A hoof is a hoof and all hooves are barefoot!
Some are barefoot in hoof boots or Jogging shoes,
some are barefoot on metal shoes
and some are barefoot directly on the ground.
A hoof is still a hoof!

GoodHoofCare is just as important for professional farriers
as it is for private horse owners with barefooted horses.
Swedish Hoof School is not building an organization and therefore
not interested in "steeling" members from other disciplines.
We are only interested in spreading knowledge.

You may have your horse in shoes or barefoot trimmed in any way
you still will gain tremendously from the knowledge.

 


GoodHoofCare is much more than trimming!


Swedish Hoof School is working with "holistic hoof care" including environment, feeding and trimming. I don't think you can be serious about hoof care without including all these three parts. What I do and teach is a foundation for trimming or maybe better a way to create a foundation for the horse to grow a healthy hoof from. It also works as a foundation for the hoof care provider to make individual changes and adaptations around.
My HoofCare concept is:
- Non invasive.
- Enormously effective.
- Extremely easy to both teach and learn.
- Just as good and important for both shod and barefoot horses.
- Thoroughly tested by both farriers and barefoot specialists.
and it works just as good for veteran farriers and novice horse owners.

The GoodHoofCare guidelines are:

1. Trim the hoof wall parallel to the hard sole.
The goal is to have the hoof wall at the same height as the outer limit of the hard sole but on the way there the horse might appreciate having the hoof wall just a fraction longer. If you need to scrape the hard sole clean to find the right height I recommend doing that with a scraper instead of a knife since a scraper will not cut into the hard sole. Remember that if you scrape the sole you do it for your own sake not for the horse so be careful not to hurt the hard sole.
Trimming the hoof wall to the level of the sole might not leave the bottom of the hoof traditionally flat but that is natural on a bare foot horse and it is necessary for getting an even load on the hoof when the hoof is loaded. (This is a problem shoers have to deal with.)
Trimming bars is a science of its own but if they are perfect before you start it is easy because the bars are hoof wall and should be treated as such. This means that they are supposed to be trimmed to the level of the closest part of the sole.
There is a comment on bar trimming further down.

2. Frog trimming.
If the front 3/5 (a little more than half) of the frog is sticking out compared to the level of the hoof wall it might be a problem for the horse when it is on hard grounds. Check by leaving the horse standing on concrete for a while and see if he is comfortable. If he is - Don't trim the height of the frog.
The rear 2/5 of the frog is supposed to stick outside the level of the hoof wall to get the ground contact that it so desperately needs. Trim this part of the frog as little as possible. Preferably not at all.

3. Leave the same amount of material outside the sole all the way around the hoof.
When looking at the hoof from the sole side the length from the outer limit of the sole to the outer limit of the hoof should be the same al the way around. Measure the thickness of the white line plus the thickness of the hoof wall somewhere at the quarters (the back part) of the hoof where everything looks good and healthy and trim the toe to the same length. If the white line in the toe region is stretched and longer than the sound white line plus the hoof wall at the quarters it is of no problem to horse that you trim away the entire hoof wall and a part of the stretched white line as long as you do it perpendicular to the sole level.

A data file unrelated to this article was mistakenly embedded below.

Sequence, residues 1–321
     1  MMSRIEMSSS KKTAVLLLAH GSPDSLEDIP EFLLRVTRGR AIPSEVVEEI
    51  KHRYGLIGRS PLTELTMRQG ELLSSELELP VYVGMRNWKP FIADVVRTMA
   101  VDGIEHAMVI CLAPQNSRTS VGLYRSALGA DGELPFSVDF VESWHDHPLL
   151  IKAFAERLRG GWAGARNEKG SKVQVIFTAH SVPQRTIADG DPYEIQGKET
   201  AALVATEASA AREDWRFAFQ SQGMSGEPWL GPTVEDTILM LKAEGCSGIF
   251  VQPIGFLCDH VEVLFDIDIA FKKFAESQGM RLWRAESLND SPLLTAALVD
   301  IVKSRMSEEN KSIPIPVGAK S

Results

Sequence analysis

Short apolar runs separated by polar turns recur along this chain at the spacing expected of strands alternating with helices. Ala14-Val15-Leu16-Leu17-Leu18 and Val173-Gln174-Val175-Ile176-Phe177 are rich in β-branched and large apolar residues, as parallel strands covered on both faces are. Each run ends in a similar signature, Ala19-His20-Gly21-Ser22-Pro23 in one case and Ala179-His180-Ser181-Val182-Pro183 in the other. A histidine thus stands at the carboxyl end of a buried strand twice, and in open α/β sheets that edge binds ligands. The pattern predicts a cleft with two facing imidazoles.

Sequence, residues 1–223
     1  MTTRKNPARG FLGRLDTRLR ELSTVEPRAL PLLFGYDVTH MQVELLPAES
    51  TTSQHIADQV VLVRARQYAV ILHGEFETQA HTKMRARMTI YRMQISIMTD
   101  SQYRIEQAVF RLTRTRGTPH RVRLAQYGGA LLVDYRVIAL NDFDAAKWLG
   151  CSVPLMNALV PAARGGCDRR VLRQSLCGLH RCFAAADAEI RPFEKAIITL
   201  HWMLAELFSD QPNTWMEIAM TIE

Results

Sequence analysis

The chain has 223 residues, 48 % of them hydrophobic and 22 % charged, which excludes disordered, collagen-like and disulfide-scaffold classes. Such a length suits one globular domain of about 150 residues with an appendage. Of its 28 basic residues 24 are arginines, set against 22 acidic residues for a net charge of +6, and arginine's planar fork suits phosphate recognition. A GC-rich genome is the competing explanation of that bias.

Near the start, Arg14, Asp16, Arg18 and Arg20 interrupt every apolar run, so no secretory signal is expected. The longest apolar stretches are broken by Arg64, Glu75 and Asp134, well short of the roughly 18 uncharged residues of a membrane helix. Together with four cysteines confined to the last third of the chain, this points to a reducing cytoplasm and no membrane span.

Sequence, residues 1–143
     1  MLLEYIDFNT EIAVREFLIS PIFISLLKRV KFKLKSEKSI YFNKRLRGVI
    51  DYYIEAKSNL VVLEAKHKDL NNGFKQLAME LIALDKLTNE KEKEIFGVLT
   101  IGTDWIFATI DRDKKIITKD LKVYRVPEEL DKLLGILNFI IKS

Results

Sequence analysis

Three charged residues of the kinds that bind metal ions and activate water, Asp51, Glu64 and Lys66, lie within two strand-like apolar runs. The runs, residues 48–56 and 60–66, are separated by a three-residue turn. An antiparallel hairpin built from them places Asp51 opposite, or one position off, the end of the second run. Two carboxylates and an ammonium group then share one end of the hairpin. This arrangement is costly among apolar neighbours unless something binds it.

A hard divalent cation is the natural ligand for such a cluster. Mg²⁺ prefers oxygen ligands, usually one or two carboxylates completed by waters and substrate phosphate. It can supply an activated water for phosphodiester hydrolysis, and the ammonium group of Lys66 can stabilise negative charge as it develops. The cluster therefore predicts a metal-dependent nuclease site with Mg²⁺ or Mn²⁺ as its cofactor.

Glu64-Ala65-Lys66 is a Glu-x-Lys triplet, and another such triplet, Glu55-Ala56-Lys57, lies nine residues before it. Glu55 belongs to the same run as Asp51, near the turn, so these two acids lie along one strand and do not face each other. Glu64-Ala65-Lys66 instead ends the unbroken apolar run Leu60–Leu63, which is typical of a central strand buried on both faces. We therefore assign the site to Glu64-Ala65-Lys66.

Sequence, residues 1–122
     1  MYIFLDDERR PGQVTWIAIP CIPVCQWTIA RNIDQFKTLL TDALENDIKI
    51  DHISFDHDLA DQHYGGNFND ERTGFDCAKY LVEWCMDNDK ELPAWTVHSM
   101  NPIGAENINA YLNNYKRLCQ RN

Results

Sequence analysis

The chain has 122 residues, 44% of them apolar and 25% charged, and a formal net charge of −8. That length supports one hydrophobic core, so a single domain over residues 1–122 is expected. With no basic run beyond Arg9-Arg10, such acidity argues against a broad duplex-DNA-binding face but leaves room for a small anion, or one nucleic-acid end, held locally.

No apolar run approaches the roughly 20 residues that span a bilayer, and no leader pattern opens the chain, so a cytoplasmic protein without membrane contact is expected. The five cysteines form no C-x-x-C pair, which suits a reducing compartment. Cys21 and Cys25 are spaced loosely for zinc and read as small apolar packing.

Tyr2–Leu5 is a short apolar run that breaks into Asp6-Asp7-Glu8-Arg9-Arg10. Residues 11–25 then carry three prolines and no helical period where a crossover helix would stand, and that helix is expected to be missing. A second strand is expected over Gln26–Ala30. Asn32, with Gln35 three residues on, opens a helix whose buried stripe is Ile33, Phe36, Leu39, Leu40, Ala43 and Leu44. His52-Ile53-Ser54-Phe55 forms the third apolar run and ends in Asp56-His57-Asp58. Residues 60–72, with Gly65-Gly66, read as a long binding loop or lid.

4. Round all sharp edges.
My experience is that different horses need different thickness of the hoof wall at ground level so you will have to test how much your barefoot horse wants you to round the hoof wall. (If the horse is to be shod you naturally don't round the edge.) Om my own horses I bevel the bottom of the hoof wall all the way to the waterline. That is what is best for the hoof in the long run but if you do this it is important that you keep it like that ALL THE TIME. This means that you might need to swipe your rasp over this part everyother day otherwise your horse might be sore everytime you trim like this.

If the bars are tilted or very large, or the hoof is asymmetric or flared, the bars need special attention. It is fairly easy to learn how to trim deformed bars but you really need to practice under supervision since it is just as easy to do wrong (and then nothing works) as it is to do right. (Under articles you can find an article about asymmetrical and flared hooves that will describe the theory of trimming bars.)
Trained professionals can cure almost every hoof disease there is with my hoof care concept as their foundation and private horse owners can easily help their horses to maintain healthy hooves with it.
GoodHoofCare might very well be the easiest way to do right.

The corner stones of GoodHoofCare are:
- All hooves should be protected in exactly the way they need at every single moment. No more no less.
- No man can create a perfect hoof. Our work is simply to help the horse to grow a healthy hoof.
- Every single hoof is unique and has its own natural shape. (That's why you can't have any fixed measurements.)
- Man has no right to have an opinion about what hooves should look like.
- Hoof shape is dynamic and changes over time and health status.
- You are never ever allowed to trim the hard sole.
- The bars are hoof wall and must be trimmed us such.
- Eating habits are just as important as trimming when it comes to sound hooves.

I believe that deshoeing and rehabilitation of pathological hooves should be taken care of by professionals.